Technological advancements are commonplace in this day and age, with manufacturers constantly devising new products in order to stay ahead of competition. This is the same with plasma metal cutting systems.
The first of such equipment was made available in the 1960s. Since then, technological advancements have enhanced the capabilities of plasma cutting, earning it a reputation of being easy to use on virtually any metal type, and of being highly productive as well.
The countless plasma cutting systems that are employed around the globe today indicate that plasma is now a universally accepted metal cutting process with an incredibly wide range of applications. But while the technology had already been commercially viable for the past five decades, it wasn’t until the last 10 to 15 years that the market witnessed engineering breakthroughs that truly boosted the performance of plasma cutting.
Before exploring one of the most recent developments, let us first take a look at the three plasma technologies – air, conventional mechanized and high definition plasma – that are most widely used in the market today.
Air plasma systems are primarily designed for manual cutting applications. The power levels of these equipment range from 12 to 120 amps, and even at the lowest output level, air plasma is able to cut materials that are 0.32cm thick. Most of these rely on an inverter power supply technology, allowing them to be portable.
Machine torches are also compatible with air plasma systems, which have electrical interfaces that allow for mechanized cutting applications.
Air plasma systems, though primarily designed for manual cutting applications, also have electrical interfaces that allow for mechanized cutting.
Conventional Mechanized Plasma
Unlike air plasma, conventional mechanized plasma systems are available only with machine-mountable torches, and have more complex interfaces in order to provide better performance when used together with computer-numeric controls (CNC).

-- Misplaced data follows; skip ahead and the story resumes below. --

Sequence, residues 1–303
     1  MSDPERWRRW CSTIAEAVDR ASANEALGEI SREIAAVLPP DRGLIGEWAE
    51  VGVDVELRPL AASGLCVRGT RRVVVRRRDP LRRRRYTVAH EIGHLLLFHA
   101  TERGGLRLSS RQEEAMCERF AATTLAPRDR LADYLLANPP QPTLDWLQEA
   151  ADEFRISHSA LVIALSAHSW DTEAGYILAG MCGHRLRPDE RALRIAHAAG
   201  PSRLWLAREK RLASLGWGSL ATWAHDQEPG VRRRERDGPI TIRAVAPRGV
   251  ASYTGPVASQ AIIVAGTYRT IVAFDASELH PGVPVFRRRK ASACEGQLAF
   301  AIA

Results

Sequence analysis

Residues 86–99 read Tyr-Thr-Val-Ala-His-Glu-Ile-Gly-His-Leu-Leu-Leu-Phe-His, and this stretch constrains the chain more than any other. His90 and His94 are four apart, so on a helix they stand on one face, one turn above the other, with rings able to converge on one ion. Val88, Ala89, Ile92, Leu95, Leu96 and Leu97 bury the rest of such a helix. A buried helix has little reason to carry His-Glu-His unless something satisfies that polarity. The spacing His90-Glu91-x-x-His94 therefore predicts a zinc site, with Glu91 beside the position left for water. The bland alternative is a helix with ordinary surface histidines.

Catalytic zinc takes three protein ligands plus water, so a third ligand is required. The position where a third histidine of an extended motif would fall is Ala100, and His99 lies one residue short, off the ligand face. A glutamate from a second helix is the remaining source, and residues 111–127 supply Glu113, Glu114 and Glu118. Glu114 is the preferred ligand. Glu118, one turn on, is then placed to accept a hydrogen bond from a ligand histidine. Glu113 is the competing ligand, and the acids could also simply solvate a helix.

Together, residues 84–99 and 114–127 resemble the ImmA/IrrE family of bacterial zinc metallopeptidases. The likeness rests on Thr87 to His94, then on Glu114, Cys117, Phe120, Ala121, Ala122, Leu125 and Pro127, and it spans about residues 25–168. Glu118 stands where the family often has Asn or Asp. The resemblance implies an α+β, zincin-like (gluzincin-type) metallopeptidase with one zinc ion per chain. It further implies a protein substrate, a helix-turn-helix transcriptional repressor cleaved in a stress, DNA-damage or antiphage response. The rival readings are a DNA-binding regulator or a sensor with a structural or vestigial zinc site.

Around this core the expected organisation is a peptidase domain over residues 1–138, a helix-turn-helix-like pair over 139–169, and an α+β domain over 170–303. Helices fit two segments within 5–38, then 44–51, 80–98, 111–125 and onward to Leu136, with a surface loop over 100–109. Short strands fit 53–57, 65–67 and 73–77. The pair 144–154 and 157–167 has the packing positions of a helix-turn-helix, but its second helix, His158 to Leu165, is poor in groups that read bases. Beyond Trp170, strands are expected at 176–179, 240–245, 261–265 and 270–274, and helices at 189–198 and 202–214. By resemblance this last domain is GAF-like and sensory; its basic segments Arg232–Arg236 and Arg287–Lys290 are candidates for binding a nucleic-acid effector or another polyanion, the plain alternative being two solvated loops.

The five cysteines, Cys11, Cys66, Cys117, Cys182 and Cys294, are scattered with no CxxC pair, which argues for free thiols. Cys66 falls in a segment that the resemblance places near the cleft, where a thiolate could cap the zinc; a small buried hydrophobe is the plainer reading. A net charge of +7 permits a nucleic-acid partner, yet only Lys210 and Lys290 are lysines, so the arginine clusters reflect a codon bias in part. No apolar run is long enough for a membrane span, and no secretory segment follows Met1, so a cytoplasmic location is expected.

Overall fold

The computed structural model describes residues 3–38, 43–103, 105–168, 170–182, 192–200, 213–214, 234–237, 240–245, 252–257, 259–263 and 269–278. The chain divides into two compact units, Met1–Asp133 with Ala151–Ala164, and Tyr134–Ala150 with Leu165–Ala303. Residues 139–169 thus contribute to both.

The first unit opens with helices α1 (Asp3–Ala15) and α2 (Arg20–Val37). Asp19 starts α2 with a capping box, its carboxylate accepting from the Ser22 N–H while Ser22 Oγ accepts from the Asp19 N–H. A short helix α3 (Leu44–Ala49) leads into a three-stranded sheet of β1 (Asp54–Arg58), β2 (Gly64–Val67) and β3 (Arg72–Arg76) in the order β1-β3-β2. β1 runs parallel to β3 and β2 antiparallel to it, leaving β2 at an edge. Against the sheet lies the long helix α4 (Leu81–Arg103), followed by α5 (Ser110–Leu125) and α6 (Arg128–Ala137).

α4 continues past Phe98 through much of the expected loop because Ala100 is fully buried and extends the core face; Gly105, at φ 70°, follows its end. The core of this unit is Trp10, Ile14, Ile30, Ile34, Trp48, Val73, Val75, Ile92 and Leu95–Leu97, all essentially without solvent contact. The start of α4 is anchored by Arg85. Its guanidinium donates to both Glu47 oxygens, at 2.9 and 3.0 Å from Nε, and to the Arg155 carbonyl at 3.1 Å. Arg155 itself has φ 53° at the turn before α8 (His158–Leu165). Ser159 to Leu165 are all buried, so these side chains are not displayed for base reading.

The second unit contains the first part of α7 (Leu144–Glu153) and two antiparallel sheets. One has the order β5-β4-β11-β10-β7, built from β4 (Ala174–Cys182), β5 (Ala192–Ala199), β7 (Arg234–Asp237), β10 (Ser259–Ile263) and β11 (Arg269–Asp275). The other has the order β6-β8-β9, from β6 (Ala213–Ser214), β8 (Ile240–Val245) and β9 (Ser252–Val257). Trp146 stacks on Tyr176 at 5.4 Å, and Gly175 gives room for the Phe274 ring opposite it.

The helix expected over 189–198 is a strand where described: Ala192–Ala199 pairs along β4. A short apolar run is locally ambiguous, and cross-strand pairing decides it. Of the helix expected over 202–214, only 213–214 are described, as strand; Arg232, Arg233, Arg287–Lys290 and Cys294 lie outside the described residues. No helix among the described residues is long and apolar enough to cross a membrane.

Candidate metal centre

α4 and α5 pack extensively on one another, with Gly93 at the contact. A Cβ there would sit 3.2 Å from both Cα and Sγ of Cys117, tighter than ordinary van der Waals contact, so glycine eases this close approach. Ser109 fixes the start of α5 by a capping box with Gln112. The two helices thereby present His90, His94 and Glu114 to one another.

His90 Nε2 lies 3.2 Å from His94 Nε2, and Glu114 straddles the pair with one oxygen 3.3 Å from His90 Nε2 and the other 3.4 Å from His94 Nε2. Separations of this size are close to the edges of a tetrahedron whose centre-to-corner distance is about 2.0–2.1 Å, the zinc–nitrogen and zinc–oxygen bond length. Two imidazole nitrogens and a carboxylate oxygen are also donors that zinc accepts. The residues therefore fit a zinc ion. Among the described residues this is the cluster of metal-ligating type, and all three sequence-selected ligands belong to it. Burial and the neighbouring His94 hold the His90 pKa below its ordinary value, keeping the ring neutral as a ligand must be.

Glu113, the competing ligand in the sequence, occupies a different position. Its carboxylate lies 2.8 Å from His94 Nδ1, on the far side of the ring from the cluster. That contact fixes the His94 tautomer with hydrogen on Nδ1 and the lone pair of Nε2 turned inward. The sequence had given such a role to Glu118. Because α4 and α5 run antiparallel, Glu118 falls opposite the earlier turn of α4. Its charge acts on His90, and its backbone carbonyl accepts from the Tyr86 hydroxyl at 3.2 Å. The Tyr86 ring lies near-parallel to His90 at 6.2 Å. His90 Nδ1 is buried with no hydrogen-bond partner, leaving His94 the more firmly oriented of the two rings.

Such plasma equipment have output levels ranging from 130 to 1,000 amps, and are designed for high productivity with mid-level tolerances, as well as for cutting non-ferrous materials as thick as 15.9cm. As a result, mechanized plasma is widely utilized in heavy equipment manufacturing operations, shipyards, and steel service centers.
Conventional mechanized plasma is designed for high productivity with mid-level tolerances, as well as cutting non-ferrous materials.
For the most part, this class of plasma systems requires an astute operator as arc voltage, gas flows and pressures, amongst other parameters, must be correctly defined and carefully monitored in order to produce the best and most consistent cut quality. This is because power levels, material thickness, and torch consumables change throughout the process.
High Definition Plasma
Engineers are constantly in the pursuit of enhancing the cut quality, cut speeds, power levels, operating costs and ease-of-use of plasma systems. Within the last two decades, a new category – high definition plasma – emerged as a result of much research and development.
This class first debuted in the early to mid-1990s and is one of the key developments in the history of plasma cutting, besides the introduction of the process itself in 1957 and the introduction of oxygen plasma cutting for carbon steel in 1983.
The new high definition plasma technology essentially works by forcing the plasma arc through a smaller nozzle orifice. Such equipment take advantage of the laws of high temperature physics, allowing for cleaner cut edges while maintaining acceptable torch consumable (nozzle and electrode) life.
The earliest high definition plasma systems were limited in amperage (70 amps maximum) and thickness capacity (0.95cm thickness for steel), and were by today’s standards considered difficult to handle. They required an expert machine operator to monitor and adjust multiple parameters that affect cut quality. But over the years, high level engineering efforts by major plasma cutting system manufacturers have lowered operating costs and improved consumable life, cut quality, and speeds. Some of these have also proven to be very versatile, with the ability to production pierce 75mm-thick metals, sever 160mm-thick ones, and easily cut thin metal — including gauge — with just a single torch. For these reasons, high definition plasma systems are now metal fabricators’ primary metal cutting systems of choice.
Some high-definition plasma systems can production pierce 75mm-thick metals, sever 160mm-thick ones, and easily cut thin metal with a single torch.